Don’t lie anymore. It’s not important that everybody like you or approve of you. Allow people to get used to who you are. Telling the truth may mean you don’t get to be in control anymore or that people won’t like you as much. That’s fine. At least they are interacting with the real you. The deep connections you’ll make from telling the truth are worth it.

This article was adapted from one that appeared on www.donmilleris.com.

22 Comments

85,538

tootann commented…

Reality check. We are all capable of being conned. Jesus was conned. Judas conned Jesus. We wouldn't have a cross without a conman. Perhaps what Don is really wrestling with is the fact that he is only human, which means he's vulnerable like all the rest of us. The "liar" didn't make that truth any more real with her "lies". Don's vulnerability stems from the fact that he's human.

As a human Jesus was vulnerable too - he got killed - but then He also got resurrected! He became a symbol of an even greater truth - which is that God gets the last say - not the liar. So - what can we learn from Jesus? 1) If you are a human living on earth in the same way Jesus lived on earth, you are probably going to get screwed over, and maybe pretty bad by people who are close to you. Judas betrayed Jesus "with a kiss." 2) You can take comfort in the fact that we have such a great God - he too has suffered similar to us. 3) If you believe in Jesus he will ask you to learn how to forgive, as much for your own healing as for the other 4) God gets the last say and has the power to heal and resurrect you, and maybe the relationship too if you are willing for God to work this way 5) God's given us each other and really good counselors to help us process through these kind of wounds - since reconciliation is a much longer process than forgiveness.

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Cliffcapehart commented…

Good article and I am a great admirer of Drs. Cloud and Townsend, there teachings have helped me tremendously through the years as a pastor. Because of my ministry positions I have had to deal with a lot of lying and cover ups over the years. The break down of trust is extremely painful when you add God and Faith into a relationship and then find out that the person or persons you thought truly valued your friendship only valued your title so they could make themselves feel more important by saying they hung out with you. What is even more difficult is when people say they value you like family and then they get caught lying to you over and over. I personally felt betrayed, belittled, foolish, dumb, sucker punched, and often mad. It was and still is difficult to understand why people would invest so much time into building friendships to then lie and destroy them.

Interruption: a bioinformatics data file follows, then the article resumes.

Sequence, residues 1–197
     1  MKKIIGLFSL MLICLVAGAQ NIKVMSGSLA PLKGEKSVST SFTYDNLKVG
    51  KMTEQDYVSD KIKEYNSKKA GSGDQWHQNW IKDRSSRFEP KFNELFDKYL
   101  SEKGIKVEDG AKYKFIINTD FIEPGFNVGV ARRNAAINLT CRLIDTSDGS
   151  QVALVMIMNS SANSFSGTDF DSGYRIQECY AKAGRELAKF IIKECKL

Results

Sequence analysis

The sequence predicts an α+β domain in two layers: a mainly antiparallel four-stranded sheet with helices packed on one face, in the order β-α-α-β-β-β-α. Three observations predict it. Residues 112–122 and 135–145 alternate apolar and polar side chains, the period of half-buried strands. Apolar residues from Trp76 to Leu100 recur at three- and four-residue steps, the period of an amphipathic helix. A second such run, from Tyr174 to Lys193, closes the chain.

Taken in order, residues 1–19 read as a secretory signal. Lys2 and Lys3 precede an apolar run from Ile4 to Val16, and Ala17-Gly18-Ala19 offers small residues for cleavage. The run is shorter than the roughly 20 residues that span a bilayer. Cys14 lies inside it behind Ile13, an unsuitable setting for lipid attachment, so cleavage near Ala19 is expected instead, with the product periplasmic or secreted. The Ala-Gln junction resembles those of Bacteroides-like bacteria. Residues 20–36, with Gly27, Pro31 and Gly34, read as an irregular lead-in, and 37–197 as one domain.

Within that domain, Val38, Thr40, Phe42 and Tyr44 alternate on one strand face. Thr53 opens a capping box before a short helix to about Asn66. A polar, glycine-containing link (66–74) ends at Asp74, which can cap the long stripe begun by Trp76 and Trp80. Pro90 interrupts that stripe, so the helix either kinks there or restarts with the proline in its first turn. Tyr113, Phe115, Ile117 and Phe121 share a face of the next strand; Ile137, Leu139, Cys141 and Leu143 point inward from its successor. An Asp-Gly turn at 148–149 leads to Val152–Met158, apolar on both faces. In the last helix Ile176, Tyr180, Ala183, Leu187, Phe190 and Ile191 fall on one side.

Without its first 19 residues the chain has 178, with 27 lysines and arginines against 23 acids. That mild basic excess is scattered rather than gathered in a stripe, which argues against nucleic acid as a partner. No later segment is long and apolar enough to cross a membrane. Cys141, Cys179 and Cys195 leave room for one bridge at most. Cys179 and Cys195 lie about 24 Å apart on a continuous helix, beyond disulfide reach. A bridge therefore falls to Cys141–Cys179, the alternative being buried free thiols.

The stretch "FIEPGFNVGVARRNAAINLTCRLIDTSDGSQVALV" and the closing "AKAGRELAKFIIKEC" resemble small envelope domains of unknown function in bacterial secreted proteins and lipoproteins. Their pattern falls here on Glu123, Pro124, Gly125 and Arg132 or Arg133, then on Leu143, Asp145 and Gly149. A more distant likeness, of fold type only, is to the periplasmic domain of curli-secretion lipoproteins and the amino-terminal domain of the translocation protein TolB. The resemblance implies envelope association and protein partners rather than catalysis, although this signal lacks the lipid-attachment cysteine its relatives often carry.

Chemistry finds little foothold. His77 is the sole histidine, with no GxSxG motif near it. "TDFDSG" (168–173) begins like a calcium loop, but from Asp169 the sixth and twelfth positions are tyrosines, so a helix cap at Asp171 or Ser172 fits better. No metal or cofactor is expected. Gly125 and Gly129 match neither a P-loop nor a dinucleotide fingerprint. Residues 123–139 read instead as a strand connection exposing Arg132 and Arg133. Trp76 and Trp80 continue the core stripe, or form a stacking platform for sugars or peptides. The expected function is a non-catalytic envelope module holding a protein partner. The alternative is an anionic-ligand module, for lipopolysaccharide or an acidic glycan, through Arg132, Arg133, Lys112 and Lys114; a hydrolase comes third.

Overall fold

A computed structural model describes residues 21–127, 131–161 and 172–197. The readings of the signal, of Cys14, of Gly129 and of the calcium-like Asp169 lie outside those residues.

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frogster commented…

I don't think lying is quite that simple. Some people compulsively lie because a fantasy world is safer and more controllable than the real world. Often these people were victims of abuse or trauma at a very young age. We can not simply cast these people outside of our friendship circles because they lie. It is true that it is difficult to connect to these people or feel like one can actually share life, but you can experience life in the present with them -- you know that is real. I do think that you can't have a real relationship without some element of truth though.

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Guest commented…

Doesnt this kind of reflect a selfish nature though? If someone lies to you, its strange to assume its all about you. People who lies like this arent seeking to make you feel betrayed, belittled, foolish, dumb, sucker punched or mad. They are protecting themselves for whatever reason. So yes, they are being selfish...but why is that any worse than any other sin? Are you constantly selfless? Surely you would be seeking to discover why these people fall back on a habit of lying (which has nothing to do with your relationship to them). There have been people in my life that lie and lie and lie and when i looked a little deeper it turned out there was a lot of abuse in their past, emotional and physical which they had developed habits of lying about to protect family members etc or to hide what a repulsive person they viewed themselves as.

Especially as a person in a ministry position you should be thinking less about "why is this happening TO ME." and more of "why is this happening AT ALL?"
Its interested how humanity's selfish nature warps this issue on both sides.

Cierra

2

Cierra commented…

So true. My boyfriend lied to me about his past mistakes when we started dating. He did it because he knew where I stood on the issues and he didn't think i would have given him a chance and he didn't want to hurt me. Two days after he told me, he surrendered his life to God. But the truth is, I still have trouble believing everything he tells me. I think trust has to build itself back. I love him with all of my heart though so I am willing to take that time.